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‘Ethical gold’ seen to open doors for small miners

/ 04:41 PM December 24, 2011

BAGUIO CITY—While visiting Japan a few years ago, Dr. Victor Maglambayan, a geologist and researcher, found out that there was a growing trend for what is called “ethical jewelry.”

He notes that, as with coffee and other products, discussions about fair trade in the jewelry business have been gaining ground in other countries.

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“In one of my early visits to Japan, I realized that the green trend has already taken hold even for gold, especially for gold produced by small-scale miners,” says Maglambayan, division manager for exploration of Philex Mining Exploration.

He was relating this story when he spoke about small-scale mining in the Philippines during the 58th annual national mine safety and environment conference held in Baguio early this month.

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Blood diamonds

“The traditionally wealthier countries in the world have shown concern for problems associated with small-scale mining by preferring jewelry that is untainted by issues normally associated with small-scale miners like child labor, use of toxic substances and other environmentally hazardous practices,” he says.

Maglambayan says this trend is not much different from the phenomenon of “blood diamonds” in an earlier time in some African countries. Blood diamonds are those extracted using slave labor enforced through kidnappings and other illegal means.

He cites examples of ethical jewelry companies such as Cartier and Fifi Bijoux in France, and Hasuna jewelry in Japan.

This trend, he says, is in its infancy in Latin America, especially in Colombia where an association of small-scale miners (Asociacion por la Mineria Responsable, or ARM) is based.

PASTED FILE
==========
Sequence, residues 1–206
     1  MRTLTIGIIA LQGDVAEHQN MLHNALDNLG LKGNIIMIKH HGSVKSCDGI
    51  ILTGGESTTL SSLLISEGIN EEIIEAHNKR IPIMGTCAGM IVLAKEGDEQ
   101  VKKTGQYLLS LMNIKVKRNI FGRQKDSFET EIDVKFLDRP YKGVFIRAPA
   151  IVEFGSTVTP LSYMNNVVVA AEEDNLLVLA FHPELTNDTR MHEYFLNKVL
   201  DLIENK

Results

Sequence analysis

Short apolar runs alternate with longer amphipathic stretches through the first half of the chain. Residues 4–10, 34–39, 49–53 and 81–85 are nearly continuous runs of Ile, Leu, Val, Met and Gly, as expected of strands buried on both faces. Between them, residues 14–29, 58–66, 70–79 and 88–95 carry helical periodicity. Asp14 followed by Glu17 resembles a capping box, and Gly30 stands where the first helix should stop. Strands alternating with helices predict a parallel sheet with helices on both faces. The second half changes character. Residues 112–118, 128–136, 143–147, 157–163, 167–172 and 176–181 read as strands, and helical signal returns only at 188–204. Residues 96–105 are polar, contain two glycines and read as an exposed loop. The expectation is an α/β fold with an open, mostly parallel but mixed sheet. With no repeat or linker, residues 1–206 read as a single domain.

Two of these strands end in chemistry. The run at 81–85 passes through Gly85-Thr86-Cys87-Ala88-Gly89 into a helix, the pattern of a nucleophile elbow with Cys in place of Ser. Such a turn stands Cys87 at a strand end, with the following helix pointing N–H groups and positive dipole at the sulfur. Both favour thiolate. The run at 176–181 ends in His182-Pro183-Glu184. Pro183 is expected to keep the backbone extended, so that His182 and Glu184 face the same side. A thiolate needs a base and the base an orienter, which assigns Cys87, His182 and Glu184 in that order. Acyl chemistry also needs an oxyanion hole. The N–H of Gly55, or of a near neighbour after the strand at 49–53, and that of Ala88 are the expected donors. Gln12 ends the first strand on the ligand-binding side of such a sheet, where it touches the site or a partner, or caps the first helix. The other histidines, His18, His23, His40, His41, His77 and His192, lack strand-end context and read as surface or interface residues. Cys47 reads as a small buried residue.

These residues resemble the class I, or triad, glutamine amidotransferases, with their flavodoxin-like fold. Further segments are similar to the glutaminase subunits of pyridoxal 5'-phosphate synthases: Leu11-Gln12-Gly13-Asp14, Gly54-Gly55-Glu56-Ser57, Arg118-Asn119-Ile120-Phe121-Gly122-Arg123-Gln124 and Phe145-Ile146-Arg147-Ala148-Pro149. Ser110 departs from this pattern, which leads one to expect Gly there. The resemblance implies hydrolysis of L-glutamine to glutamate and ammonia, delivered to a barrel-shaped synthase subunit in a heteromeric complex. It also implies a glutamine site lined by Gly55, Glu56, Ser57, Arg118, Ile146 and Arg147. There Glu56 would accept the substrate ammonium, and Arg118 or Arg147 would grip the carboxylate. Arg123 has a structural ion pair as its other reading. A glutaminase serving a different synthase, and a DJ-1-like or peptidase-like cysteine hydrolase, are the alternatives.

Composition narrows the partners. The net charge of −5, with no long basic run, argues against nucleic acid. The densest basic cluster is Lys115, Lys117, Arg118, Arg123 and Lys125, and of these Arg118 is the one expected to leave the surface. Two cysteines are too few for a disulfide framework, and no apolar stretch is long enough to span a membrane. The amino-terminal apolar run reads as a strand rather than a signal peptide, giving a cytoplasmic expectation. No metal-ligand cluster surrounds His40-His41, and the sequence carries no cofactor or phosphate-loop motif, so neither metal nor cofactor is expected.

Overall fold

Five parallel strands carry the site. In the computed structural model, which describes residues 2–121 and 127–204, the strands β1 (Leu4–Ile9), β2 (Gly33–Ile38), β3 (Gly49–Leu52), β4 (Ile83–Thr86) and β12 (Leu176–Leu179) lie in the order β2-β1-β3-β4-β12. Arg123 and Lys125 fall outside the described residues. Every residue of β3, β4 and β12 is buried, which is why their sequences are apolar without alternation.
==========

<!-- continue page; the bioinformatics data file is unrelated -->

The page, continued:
Standard zero

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The ARM is pushing a “standard zero,” which is a process to certify gold, silver and platinum that conforms with the following standards:

Gold and gemstones are from socially and environmentally responsible mines.

They are fairly traded, ensuring miners receive a fair price for the goods (and employees are paid over the local minimum wage).

No child and forced labor or exploitative practices are used in the mining, refining or trading of the gold and gemstones.

The gold mines operate an eco-sustainability program—no chemicals are used (for example, cyanide, mercury or arsenic).

Topsoil is replaced.

Maglambayan was unsure if the trend for “green jewelry” and fairly traded minerals had taken hold in the Philippines.

“But in the context of our national minerals policy, where the development of downstream industries is encouraged … one direction [may] need our attention,” he says.

Research initiatives in looking for ways to produce and to promote “ethical gold” to benefit small-scale miners are apparently lacking, he says.

Mercury use